OR

    2- play boogaloos and heapings of funk if it is a more urban audience, or worse yet- smooth jazz.

  14. Gerard Cox says:

    As I recall Greg also made a case for musicians to dress more professionally on stage, asserting that this would improve the overall experience for the audience and that they’d be more inclined to take it seriously because the musicians’ dress connotes that THEY take what they do seriously/professionally.

    I like Greg’s music and generally find him to be insightful, but I feel that some of the things he proposes to develop the audience are little more than patch fixes and will do nothing to change the basic problem.

    The basic problem is that the U.S. has a largely infantile relationship to culture and the arts. This is something that will probably only change over a protracted period of time due to a very determined effort to increase and improve arts education. A general shift in cultural values to where art is genuinely appreciated will have to occur on some level also.

    The issues Greg raises are American issues. The audience in Europe cares little about whether musicians are dressed professionally, and is far more likely to have the attitude of “I want to be challenged / hear something unusual” than to have the attitude of “you need to play only what I’m comfortable with.”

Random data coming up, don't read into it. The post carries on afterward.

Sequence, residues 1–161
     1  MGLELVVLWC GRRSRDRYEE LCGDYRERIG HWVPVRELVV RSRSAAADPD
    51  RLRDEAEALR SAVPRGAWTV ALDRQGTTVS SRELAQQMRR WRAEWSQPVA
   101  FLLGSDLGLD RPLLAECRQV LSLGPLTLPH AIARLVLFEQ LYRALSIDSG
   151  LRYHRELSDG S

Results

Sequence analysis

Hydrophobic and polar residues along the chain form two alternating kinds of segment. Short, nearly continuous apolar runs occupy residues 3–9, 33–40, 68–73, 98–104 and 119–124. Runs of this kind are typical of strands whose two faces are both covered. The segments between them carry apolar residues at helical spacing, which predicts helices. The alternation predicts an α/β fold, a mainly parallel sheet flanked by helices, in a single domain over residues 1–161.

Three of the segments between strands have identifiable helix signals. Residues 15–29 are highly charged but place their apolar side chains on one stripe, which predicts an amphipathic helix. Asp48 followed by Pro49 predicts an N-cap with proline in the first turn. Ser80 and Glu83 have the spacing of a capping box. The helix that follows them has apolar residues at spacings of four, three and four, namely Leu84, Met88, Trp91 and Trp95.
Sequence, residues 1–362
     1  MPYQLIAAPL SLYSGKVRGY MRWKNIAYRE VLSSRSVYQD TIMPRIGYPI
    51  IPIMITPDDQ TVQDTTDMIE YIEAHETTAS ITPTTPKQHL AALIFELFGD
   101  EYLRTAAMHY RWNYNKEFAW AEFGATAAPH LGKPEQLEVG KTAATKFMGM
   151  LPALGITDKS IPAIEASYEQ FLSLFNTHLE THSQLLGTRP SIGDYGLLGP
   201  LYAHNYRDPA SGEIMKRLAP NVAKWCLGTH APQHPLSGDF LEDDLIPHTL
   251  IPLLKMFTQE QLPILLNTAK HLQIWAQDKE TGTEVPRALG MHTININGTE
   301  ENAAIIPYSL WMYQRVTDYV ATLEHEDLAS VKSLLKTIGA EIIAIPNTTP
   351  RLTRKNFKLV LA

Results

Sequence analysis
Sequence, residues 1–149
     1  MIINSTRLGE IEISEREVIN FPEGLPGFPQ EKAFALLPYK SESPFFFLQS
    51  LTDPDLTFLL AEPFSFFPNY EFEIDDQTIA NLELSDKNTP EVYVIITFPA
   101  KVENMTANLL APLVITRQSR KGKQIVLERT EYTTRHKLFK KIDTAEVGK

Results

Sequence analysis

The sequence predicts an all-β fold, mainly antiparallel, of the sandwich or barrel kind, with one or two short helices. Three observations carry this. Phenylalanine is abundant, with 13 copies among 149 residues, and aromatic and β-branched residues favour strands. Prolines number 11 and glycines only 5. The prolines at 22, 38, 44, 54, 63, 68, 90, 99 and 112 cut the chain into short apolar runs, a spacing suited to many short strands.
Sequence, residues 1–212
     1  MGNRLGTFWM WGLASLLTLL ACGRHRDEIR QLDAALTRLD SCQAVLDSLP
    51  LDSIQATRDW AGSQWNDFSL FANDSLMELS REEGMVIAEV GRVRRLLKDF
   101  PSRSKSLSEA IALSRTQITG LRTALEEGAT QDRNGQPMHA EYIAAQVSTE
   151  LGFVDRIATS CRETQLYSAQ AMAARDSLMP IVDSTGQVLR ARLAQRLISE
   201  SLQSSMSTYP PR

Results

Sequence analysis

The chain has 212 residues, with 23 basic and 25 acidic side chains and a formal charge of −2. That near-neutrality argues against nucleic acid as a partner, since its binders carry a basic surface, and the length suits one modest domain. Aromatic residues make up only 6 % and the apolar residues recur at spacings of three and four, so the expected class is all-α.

European DNA isn’t any better than American DNA. They simply have had the exposure and education to appreciate art to the extent where artists have substantially more creative freedom than they do here.

    If we’re really concerned about audience development here, we have to focus on long-term policy and not these kinds of topical remedies that don’t address the root of the problem.

  15. Bill White says:

    Funnily enough I was listening to Robert Glasper’s Black Radio as I read Greg Osby’s words. On that CD a conversation takes place along similar lines to Mr Osby’s thoughts and the comments that follow. One of the last statements in the discussion on Mr Glasper’s CD is, “the best thing you can do for people is be honest” which, in my view relates directly to the crux of the matter: as a musician one should be as honest as possible. If that honesty results in only those with esoteric knowledge or tastes appreciating the music then so be it. Music that is contrived either for appreciation by other musicians or to reach a mass audience is ultimately not good for anyone. It’s not artistically fulfilling and, I believe, is often sussed by the listener. It also helps breed more of something there is more than enough of : cynicism.